You may know the famous story of Lewis & Clark's expedition across the American continent to the Pacific Ocean and back. However, many have not heard the story of a lesser known member of the party, a brave black Newfoundland dog named Seaman. He was just a dog, but his story is a lesson of faithfulness and loyalty. His story is a lesson that even husbands and wives should consider.
Covering thousands of miles, Captain Meriwether Lewis, Second Lieutenant William Clark and their small band of companions have entered into American folklore. Captain Meriwether Lewis' faithful dog, Seaman, accompanied the expedition the entire way.
He was Lewis' faithful companion on a dangerous journey of many thousand miles. He defended his master's party; he witnessed Indian skirmishes, death, disease, success and failure and he endured freezing winters and long hot summers. He was injured numerous times, but he forged on.
Once, deep in the wilderness, Lewis had to perform painful surgery on Seaman to repair a life-threatening injury that the dog had received from a wild animal. He was even once stolen by an Indian tribe, only to be retrieved at gunpoint by his master. But, together, they forged on.
And, although the historic records are incomplete, there is even strong evidence that Seaman was loyal to his master unto death. As published in Timothy Alden's multiple volume history, A Collection of American Epitaphs and Inscriptions with Occasional Notes (5 vols.), after Lewis' tragic and violent death in 1809, Seaman remained at Lewis' grave until he himself died:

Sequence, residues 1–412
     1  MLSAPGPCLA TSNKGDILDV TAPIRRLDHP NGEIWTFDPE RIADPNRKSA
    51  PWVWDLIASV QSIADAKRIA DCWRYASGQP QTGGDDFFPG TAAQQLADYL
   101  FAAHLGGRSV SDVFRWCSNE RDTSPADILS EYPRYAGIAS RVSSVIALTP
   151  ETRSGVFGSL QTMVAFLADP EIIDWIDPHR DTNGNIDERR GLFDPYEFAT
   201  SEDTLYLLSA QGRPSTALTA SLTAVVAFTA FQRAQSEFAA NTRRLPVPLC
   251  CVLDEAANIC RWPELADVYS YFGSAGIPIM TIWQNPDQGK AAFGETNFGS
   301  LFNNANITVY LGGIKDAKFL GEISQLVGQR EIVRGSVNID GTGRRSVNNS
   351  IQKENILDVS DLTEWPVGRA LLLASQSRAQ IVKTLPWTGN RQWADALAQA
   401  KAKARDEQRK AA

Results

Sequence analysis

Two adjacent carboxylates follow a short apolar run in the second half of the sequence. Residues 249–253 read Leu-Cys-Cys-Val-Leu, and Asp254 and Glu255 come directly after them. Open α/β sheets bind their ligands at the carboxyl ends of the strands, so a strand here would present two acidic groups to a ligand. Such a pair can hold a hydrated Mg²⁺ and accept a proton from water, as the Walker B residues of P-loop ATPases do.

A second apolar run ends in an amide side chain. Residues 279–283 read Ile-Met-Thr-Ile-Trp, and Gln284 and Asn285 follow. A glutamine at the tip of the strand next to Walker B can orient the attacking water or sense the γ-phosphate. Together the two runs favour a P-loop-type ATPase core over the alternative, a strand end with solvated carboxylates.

"The fidelity and attachment of this animal were remarkable. After the melancholy exit of Gov. Lewis, his dog would not depart for a moment from his lifeless remains; and when they were deposited in the earth no gentle means could draw him from the spot of interment. He refused to take every kind of food, which was offered him, and actually pined away and died with grief upon his master's grave!" (volume 5, page 98).
Loyalty is a very good thing, and is a lesson for us in many ways.
How loyal should we be? How faithful should a father or mother be to their child? How faithful should a child be to a parent? How much more faithful should a Christian be to our Lord and Master?
How loyal should a husband and wife be to each other during the long journey of numerous adventures, injuries and successes that is called marriage?
Dr. Meredith wrote in God's Plan for Happy Marriage: "'For the Lord God of Israel says that He hates divorce, for it covers one's garment with violence,' says the Lord of hosts. 'Therefore take heed to your spirit, that you do not deal treacherously'" (Malachi 2:16). He continues, "For, among other things, marriage is a 'test.' It is a test to see how loyal you will be to God's instruction regarding marriage and to your mate with whom you share this sanctified relationship. How much will you 'give' of yourself to this other human being? How much will you be patient, kind and humble in order to make it work?"
Meriwether Lewis had a faithful companion through one of the most amazing journeys in American history. His companion was not "treacherous." His companion was faithful and loyal unto death.
Seaman was a dog. We are potential children of God and heirs to immortality (Romans 8:17)! We are created in God's image (Genesis 1:26)! We are told to have Christ's mind (character) in us (Philippians 2:5)! How much more faithful should we be? To God? To our family? To our spouse?
If you are married, you are on a lifelong journey. Be loyal. Repair those injuries. Heal. Continue the adventure. Forge on.